Music

Pop Psalms: Beyoncé’s “Run the World (Girls)”

Kathryn Freeman

The Proverbs 31 woman has always been intimidating. She has become the woman every Christian woman is measured against. She’s an entrepreneur, a mother, a seamstress, a wife, a fashionista, a cook, and a caregiver to the impoverished. She rises before dawn to tend perfectly to her many roles. The Proverbs 31 woman runs her world, just like Beyoncé Knowles-Carter—entertainer, creator, wife, mother—runs hers. This parallel is especially clear on Beyoncé's hit 2011 song, “Run the World (Girls).”

Despite the catchy beat, the women in “Run the World (Girls)” can seem to be living a life as unattainable as the Proverbs 31 woman. The girls in “Run the World” can do everything. They “bear the children” and “then get back to business.” They have “endless power” and can “build nations.” They “rock the latest fashions,” but do not tolerate disrespect from men. The idealized version of womanhood presented in “Run the World,” alongside Proverbs 31, seems to belie most of our realities. So while we might read along in our Bibles and join Beyoncé in shouting “Girls, we run this motha, yeah!” we do not feel very powerful; we mostly feel tired and inadequate.

It can be tough to consider a field and buy it when you only make 80 cents (white women), 62 cents (black women), 54 cents (Hispanic women), 57 cents (Native-American women) for every dollar a man makes. In the midst of a global pandemic, studies show that the increased burden of household chores, children’s education, and full-time jobs fall mostly on working mothers. The sheer weight of all these responsibilities is threatening to crush a generation of working mothers mentally and emotionally, on top of the potential to permanently derail their career prospects and earning potential. Just like the Proverbs 31 woman, 70 percent of mothers with kids under 18 are participating in today’s workforce, yet there seems to be diminishing returns.

In “Run the World,” Beyoncé empowers women through the confidence in her voice and the driving, electronic drumbeat, reminding them of all the extra, sometimes hidden work women do behind the scenes to make their families, their communities, their countries better. As the median age for marriage and the number of never-married women continues to rise, the view of idealized womanhood tied to motherhood and marriage can feel tortuous to the single and childless (especially those who are not single and childless by choice). A woman who is not married or a mother is forever on the JV team, not really a “#girlboss” because she is not juggling soccer practice and ballet classes on top of board meetings and balance sheets. If the modern woman is constantly asking herself if she can have it all, the Proverbs 31 woman seems to give a taunting yes. After all, she managed to clothe her children in scarlet before the invention of sewing machines—as effortlessly as Beyoncé turns her 24 hours in a day into jaw-dropping visuals, project after project.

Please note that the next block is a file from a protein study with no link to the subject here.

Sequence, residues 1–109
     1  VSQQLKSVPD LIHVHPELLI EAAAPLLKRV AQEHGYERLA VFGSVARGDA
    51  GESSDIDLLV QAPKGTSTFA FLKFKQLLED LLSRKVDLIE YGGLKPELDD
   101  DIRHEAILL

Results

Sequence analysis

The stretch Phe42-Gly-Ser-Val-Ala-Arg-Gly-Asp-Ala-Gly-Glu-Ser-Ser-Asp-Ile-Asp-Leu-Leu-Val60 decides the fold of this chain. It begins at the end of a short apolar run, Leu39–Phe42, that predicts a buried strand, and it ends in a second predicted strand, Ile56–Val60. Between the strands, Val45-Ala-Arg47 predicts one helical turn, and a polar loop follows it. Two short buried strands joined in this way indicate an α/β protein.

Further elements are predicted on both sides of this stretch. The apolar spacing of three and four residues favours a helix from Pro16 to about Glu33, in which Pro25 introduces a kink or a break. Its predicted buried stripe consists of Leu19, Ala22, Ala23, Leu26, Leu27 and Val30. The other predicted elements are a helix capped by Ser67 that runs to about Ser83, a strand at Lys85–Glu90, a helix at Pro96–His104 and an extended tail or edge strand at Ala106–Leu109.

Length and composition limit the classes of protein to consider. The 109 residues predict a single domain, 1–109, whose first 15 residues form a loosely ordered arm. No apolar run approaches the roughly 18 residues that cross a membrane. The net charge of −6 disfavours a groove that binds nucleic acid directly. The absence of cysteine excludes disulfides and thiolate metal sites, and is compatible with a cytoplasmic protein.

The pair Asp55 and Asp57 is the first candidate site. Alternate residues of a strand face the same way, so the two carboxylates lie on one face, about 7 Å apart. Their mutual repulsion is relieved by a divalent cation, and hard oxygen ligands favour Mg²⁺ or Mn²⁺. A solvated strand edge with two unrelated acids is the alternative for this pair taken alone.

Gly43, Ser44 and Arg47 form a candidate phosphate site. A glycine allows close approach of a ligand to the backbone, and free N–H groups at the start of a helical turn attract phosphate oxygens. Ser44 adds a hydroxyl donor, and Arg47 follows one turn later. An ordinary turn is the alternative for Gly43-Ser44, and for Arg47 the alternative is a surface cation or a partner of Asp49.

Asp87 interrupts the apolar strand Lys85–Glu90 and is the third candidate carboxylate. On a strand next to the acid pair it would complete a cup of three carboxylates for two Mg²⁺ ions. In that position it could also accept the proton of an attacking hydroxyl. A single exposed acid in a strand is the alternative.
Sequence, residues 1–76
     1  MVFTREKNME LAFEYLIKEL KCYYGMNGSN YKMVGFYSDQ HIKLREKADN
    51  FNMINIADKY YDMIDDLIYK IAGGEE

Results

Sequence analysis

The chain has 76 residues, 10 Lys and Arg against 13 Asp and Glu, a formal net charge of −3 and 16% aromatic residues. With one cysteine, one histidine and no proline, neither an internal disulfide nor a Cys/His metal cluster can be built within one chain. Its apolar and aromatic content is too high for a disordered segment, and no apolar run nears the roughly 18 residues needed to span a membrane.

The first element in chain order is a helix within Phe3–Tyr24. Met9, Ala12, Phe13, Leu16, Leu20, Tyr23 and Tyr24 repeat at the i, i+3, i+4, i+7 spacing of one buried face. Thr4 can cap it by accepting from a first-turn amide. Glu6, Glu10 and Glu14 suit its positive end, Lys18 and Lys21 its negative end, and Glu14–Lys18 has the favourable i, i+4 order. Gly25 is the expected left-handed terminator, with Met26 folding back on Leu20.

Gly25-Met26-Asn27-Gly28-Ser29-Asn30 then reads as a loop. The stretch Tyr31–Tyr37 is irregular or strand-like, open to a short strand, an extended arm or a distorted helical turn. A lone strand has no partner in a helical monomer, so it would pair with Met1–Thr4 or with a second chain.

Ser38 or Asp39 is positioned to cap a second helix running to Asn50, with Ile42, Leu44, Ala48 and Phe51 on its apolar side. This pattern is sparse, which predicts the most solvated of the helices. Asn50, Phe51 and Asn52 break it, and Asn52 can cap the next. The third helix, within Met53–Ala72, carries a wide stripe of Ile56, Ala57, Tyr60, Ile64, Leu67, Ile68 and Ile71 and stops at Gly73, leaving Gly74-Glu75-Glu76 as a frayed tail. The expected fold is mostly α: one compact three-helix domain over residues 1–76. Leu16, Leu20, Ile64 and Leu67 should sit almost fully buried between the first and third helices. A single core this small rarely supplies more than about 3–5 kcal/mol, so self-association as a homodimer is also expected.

The women in “Run the World (Girls)” can seem to be living a life as unattainable as the Proverbs 31 woman.

But what if songs like “Run the World” and Proverbs 31 are not meant to be seen as impossible checklists where every box must be checked to measure up? Perhaps “Run the World” is meant as a counterweight to the narrative of women as the weaker sex. It reminds us of all the ways women, like Ginger Rogers, do everything men do, only “backwards and in high heels.”

Likewise, Proverbs 31 is a countercultural allegory of the value of women. First, the poem itself comes to King Lemuel from his mother. The implication is that men can learn from women, whether it is theology or the qualities that make a good wife. Women are capable teachers and their words are to be heeded. Though she is nameless, King Lemuel’s mother is an important influence in his life, and her words about the model woman of God have survived (to the consternation of some) for generations. Further, the woman she describes is “worth more than rubies” not because she is beautiful, but because she is wise.

Throughout Proverbs, wisdom is portrayed as a woman. In Proverbs: An Introduction and Commentary, Lindsay Wilson provides a number of parallels between the Proverbs 31 woman and Lady Wisdom. Wilson highlights that both are worth more than precious jewels, both bring praise at the city gates, and both begin with a fear of the Lord. If the Proverbs 31 woman “is wisdom exemplified, she reminds us that biblical wisdom is not just head knowledge,” but a guide for living what is considered a good and fruitful life. Wisdom is not a gendered gift. It should be sought by men and women alike.

The Proverbs 31 woman, like “Run the World (Girls),”' celebrates the unique and varied contributions of women to their families, their neighbors, their communities, and the world. She teaches all of us that part of the blessed life is using our skills in practical ways to serve beyond just our nuclear families. She is generous with those who labor for her and with the poor. She is honored at the city gates. She makes the most of every opportunity. She is strong, but she uses her strength in the service of others.

The Proverbs 31 woman runs the world, and while most of us are aiming to run much smaller real estate, we can be encouraged rather than condemned. Bottom line, even if you are not a #girlboss, a woman who fears the Lord is to be praised, not for what she does, but because of who she is—a daughter created in the image of God her Father, with a unique purpose and plan for her life.

Topics: Music